Can I suggest something?  I think you should have a couple of sessions of cognitive behavioral therapy.  To help you think through some of the logical errors in your thinking. To help you identify other job options or even hobbies that could give you some of the same feelings you think you'll get from service.  To help reconcile your feelings about sacrificing more than your DH so you can let go of any frustrations & regrets you have in order to be happier and/or know how to confront him about something that is legitimately bothering you without blowing up your marriage.

  • Like 2
Link to comment
Share on other sites

 I feel like there's nothing more for me to dream about. There's nothing to look forward to. Just year after year of being a SAHM, volunteer in suburbia.

 

 

You sound not just disappointed, but depressed.

  • Like 4
Link to comment
Share on other sites

It's not over until it's over.  I always wanted to be in the FBI. I literally posted my application to Quantico and then went to the doctor for what I thought was a bout of the stomach flu.  Turns out I was pregnant.  Making the call to withdraw my application was the most painful thing I had had to do up to that point in my life.  I always harbored the dream that I would reapply when life presented an opportunity.  When that time came, I was too old. I also had no 'in' due to special skills or talents.  That's when a long shot dream is shot.  If you still have  chance, take it.

  • Like 6
Link to comment
Share on other sites

Can I suggest something?  I think you should have a couple of sessions of cognitive behavioral therapy.  To help you think through some of the logical errors in your thinking. To help you identify other job options or even hobbies that could give you some of the same feelings you think you'll get from service.  To help reconcile your feelings about sacrificing more than your DH so you can let go of any frustrations & regrets you have in order to be happier and/or know how to confront him about something that is legitimately bothering you without blowing up your marriage.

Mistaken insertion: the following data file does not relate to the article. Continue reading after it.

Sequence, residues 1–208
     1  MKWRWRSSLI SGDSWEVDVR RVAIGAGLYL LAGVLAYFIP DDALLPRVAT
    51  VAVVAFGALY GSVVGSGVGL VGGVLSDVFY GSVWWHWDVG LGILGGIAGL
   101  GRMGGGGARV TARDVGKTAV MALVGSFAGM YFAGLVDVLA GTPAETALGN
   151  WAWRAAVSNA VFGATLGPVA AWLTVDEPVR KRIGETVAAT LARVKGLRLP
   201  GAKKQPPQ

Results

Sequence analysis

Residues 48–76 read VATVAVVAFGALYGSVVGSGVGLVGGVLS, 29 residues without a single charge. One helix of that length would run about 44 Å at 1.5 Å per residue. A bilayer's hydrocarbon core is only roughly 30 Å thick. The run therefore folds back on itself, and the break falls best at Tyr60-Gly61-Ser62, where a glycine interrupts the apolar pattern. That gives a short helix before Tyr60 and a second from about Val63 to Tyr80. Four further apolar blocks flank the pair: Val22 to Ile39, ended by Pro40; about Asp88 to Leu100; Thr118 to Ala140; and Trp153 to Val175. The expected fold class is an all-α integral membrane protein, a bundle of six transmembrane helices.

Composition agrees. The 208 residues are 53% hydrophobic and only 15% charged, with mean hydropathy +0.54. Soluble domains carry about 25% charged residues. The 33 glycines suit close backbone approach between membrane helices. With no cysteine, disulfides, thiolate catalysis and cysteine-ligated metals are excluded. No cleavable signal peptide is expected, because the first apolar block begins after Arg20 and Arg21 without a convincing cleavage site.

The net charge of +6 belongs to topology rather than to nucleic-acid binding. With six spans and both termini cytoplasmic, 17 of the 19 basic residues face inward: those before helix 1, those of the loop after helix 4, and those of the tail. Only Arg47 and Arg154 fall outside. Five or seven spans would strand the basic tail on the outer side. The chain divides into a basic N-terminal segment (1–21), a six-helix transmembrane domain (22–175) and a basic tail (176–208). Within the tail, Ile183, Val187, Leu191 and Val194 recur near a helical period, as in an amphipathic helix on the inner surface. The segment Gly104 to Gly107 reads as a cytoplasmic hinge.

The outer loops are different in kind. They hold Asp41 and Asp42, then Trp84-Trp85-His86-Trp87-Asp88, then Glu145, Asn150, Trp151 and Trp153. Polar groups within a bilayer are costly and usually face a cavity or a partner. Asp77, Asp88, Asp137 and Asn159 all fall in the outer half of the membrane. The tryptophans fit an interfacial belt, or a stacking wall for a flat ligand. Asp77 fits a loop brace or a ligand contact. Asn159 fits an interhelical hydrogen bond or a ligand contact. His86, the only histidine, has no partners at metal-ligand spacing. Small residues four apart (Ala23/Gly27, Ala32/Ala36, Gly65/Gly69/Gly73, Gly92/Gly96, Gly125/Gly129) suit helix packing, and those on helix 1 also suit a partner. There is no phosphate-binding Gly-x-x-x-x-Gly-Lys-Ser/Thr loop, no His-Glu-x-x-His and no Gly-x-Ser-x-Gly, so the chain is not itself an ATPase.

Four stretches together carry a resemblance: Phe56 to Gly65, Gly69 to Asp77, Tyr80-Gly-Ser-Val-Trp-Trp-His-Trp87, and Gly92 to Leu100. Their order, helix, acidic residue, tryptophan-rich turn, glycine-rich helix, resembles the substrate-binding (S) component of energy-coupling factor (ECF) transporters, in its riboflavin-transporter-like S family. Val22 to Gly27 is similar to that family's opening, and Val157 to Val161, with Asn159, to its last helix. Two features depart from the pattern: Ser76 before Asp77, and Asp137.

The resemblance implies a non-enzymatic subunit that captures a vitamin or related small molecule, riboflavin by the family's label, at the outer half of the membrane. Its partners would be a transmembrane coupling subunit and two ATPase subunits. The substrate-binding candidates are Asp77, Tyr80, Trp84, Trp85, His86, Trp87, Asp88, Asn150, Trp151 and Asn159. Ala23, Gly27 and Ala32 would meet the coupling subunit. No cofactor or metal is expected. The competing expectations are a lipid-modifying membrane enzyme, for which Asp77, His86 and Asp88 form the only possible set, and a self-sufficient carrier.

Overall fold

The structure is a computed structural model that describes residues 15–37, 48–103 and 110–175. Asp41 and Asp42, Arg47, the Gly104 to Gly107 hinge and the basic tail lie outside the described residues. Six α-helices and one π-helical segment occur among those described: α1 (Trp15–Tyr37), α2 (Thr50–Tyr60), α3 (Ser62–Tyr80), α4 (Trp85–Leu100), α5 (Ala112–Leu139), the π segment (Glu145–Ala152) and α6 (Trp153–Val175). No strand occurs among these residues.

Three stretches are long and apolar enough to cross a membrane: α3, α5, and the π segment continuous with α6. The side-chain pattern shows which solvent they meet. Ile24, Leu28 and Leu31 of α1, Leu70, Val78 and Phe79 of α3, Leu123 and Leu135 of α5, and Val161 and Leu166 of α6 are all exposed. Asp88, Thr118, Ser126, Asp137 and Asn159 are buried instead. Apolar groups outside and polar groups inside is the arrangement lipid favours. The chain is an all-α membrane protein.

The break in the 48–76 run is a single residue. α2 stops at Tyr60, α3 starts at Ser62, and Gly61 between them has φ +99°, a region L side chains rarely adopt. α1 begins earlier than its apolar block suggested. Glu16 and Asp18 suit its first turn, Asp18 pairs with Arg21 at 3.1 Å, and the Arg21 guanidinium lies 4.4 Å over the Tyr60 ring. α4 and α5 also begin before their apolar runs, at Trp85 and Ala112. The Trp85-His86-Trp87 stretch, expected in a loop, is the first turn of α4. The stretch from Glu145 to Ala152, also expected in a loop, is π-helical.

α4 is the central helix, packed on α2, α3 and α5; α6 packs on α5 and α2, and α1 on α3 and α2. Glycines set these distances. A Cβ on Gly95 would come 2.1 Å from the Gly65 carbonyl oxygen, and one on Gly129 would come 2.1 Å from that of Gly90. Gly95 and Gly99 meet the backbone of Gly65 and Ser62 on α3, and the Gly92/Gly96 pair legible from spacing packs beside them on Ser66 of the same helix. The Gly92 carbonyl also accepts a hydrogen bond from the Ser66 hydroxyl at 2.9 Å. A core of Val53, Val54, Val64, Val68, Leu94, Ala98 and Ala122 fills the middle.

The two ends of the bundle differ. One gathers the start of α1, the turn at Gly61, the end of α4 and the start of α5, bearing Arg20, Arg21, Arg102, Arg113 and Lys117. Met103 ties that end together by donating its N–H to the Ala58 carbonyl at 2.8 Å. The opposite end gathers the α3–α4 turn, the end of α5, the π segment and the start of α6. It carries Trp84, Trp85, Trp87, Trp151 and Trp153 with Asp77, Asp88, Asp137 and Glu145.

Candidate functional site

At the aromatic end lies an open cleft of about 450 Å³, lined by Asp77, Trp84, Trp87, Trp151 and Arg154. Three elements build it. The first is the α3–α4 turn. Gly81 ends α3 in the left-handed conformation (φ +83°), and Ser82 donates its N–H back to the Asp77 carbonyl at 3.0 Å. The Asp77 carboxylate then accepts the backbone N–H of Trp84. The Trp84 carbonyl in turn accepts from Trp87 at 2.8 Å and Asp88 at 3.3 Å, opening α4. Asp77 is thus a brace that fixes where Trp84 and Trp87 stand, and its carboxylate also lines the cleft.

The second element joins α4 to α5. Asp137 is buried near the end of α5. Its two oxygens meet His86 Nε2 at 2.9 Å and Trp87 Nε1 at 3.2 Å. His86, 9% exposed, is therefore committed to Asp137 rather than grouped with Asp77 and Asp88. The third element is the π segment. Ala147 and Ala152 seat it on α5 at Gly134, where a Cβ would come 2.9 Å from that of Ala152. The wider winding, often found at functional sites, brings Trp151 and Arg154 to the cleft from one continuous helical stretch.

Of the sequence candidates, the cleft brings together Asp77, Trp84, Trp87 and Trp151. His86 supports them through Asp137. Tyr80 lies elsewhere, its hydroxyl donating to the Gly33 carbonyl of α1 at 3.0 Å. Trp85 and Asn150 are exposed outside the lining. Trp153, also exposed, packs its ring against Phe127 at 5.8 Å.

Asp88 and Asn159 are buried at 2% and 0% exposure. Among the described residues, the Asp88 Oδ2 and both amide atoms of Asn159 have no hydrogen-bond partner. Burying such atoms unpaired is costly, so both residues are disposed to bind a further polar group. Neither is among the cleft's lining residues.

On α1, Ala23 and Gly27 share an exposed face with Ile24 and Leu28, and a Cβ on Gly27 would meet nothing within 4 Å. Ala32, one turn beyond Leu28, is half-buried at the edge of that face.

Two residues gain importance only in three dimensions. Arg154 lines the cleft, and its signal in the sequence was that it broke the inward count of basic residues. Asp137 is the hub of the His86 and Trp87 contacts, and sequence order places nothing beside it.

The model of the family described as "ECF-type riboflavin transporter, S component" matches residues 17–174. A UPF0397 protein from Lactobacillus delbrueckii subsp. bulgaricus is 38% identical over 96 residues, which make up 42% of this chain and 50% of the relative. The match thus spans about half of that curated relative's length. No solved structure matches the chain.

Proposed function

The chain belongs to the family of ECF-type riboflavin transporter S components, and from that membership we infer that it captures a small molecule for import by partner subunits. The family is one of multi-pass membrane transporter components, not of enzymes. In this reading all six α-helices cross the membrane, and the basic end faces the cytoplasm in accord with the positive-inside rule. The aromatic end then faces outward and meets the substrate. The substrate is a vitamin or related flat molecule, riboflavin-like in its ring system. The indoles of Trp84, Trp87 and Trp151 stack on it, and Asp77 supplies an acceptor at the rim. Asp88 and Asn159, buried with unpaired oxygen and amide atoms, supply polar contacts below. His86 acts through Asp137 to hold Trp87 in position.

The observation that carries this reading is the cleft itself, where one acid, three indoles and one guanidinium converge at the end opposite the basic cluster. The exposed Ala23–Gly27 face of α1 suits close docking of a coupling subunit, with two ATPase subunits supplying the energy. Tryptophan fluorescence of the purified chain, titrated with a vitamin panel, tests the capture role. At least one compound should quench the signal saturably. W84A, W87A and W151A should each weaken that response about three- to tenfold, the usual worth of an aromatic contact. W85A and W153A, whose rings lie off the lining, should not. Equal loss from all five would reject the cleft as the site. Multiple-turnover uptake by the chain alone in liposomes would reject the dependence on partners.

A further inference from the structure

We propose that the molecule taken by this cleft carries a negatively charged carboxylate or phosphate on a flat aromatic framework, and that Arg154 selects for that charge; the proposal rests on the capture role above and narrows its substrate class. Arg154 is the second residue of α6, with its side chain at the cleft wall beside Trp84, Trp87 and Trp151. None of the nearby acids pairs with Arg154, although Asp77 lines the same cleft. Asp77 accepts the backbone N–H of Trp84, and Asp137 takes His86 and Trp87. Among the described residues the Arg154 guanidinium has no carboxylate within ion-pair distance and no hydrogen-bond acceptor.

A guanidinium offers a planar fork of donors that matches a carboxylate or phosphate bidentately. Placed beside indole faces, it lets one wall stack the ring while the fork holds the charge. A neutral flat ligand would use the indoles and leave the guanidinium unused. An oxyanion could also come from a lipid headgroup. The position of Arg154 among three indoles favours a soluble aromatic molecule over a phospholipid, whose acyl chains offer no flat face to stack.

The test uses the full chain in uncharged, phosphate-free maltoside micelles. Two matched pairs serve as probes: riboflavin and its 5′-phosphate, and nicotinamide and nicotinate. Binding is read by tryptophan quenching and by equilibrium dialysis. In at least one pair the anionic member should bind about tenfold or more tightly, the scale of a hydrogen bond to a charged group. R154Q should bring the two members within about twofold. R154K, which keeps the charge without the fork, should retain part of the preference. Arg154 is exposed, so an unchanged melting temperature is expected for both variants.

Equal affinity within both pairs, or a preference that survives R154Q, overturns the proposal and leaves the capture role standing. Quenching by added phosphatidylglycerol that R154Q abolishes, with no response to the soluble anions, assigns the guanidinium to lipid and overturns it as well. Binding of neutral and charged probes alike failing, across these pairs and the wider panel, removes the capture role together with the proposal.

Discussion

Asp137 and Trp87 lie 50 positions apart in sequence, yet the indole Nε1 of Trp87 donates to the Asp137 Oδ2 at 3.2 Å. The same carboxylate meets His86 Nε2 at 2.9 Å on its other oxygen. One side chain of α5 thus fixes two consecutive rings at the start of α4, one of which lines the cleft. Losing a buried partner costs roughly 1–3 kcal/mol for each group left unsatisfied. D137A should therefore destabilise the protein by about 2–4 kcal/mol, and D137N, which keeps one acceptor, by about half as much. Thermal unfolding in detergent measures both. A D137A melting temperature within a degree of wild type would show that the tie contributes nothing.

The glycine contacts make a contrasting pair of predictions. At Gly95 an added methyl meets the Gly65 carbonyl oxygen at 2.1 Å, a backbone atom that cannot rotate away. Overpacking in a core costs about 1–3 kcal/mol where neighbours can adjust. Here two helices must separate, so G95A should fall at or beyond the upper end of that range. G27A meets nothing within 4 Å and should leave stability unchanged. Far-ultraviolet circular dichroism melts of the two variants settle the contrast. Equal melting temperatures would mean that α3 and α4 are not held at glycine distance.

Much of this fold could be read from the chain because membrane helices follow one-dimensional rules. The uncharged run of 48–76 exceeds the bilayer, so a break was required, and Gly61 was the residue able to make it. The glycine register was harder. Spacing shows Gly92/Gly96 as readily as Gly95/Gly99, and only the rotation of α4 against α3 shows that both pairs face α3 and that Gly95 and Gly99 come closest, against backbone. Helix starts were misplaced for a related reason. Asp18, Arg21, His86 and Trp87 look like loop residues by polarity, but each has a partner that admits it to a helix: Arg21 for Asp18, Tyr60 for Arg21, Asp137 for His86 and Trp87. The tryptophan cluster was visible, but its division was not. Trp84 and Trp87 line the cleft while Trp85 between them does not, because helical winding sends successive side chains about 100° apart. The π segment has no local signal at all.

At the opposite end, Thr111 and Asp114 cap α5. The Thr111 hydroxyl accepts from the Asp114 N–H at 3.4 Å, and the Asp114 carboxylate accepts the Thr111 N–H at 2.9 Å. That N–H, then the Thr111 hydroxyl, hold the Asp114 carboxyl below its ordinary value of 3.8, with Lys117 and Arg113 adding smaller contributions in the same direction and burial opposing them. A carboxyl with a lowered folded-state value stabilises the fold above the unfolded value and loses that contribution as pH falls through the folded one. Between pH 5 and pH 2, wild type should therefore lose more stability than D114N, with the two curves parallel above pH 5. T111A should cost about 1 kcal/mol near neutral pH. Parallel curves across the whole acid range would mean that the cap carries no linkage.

:iagree:   It really sounds like you have created a whole bunch of absolutes in your head (My dream is dead. This was my one shot to get even. My life has little meaning if I can't do x, y or z.) There isn't going to be much wiggle room for your dh, your dc or yourself to work with these kinds of absolutes.

Edited by wintermom
  • Like 2
Link to comment
Share on other sites

Does the foreign service feel like a compelling enough reason to justify going back to work? Because maybe you just need to go back to work. It doesn't have to be sexy work to be justified. Some people (myself included!) don't do well staying home. Are there options outside of law where you are?

  • Like 2
Link to comment
Share on other sites

For further irony,the long haired solo guitarist in that video looks like and almost certainly is Warren Zevon, the author and original performer of that song.

 

 

I noticed the camera zoomed in on him a lot. Now I know why. :D

  • Like 1
Link to comment
Share on other sites

I'm sorry it didn't work out this time.  You sound like a motivated person though, so once you are done with this grieving period, you'll be able to look for other worthy, interesting things to do (or apply again!).  My dh was on track for the foreign service, specifically in the Middle East.  (He had graduate degrees and spoke Arabic fluently.)  We did live in the Middle East for a time, and it was during that time that dh decided he could not raise his daughters there (if we had any -- that was pre-children).  I, on the other hand, thought it sounded exciting and wanted to give it a try!

 

In the end, he ended up throwing himself into all sorts of community projects over the years, and getting very involved in pro bono legal projects.  Later, he started his own business which he loved.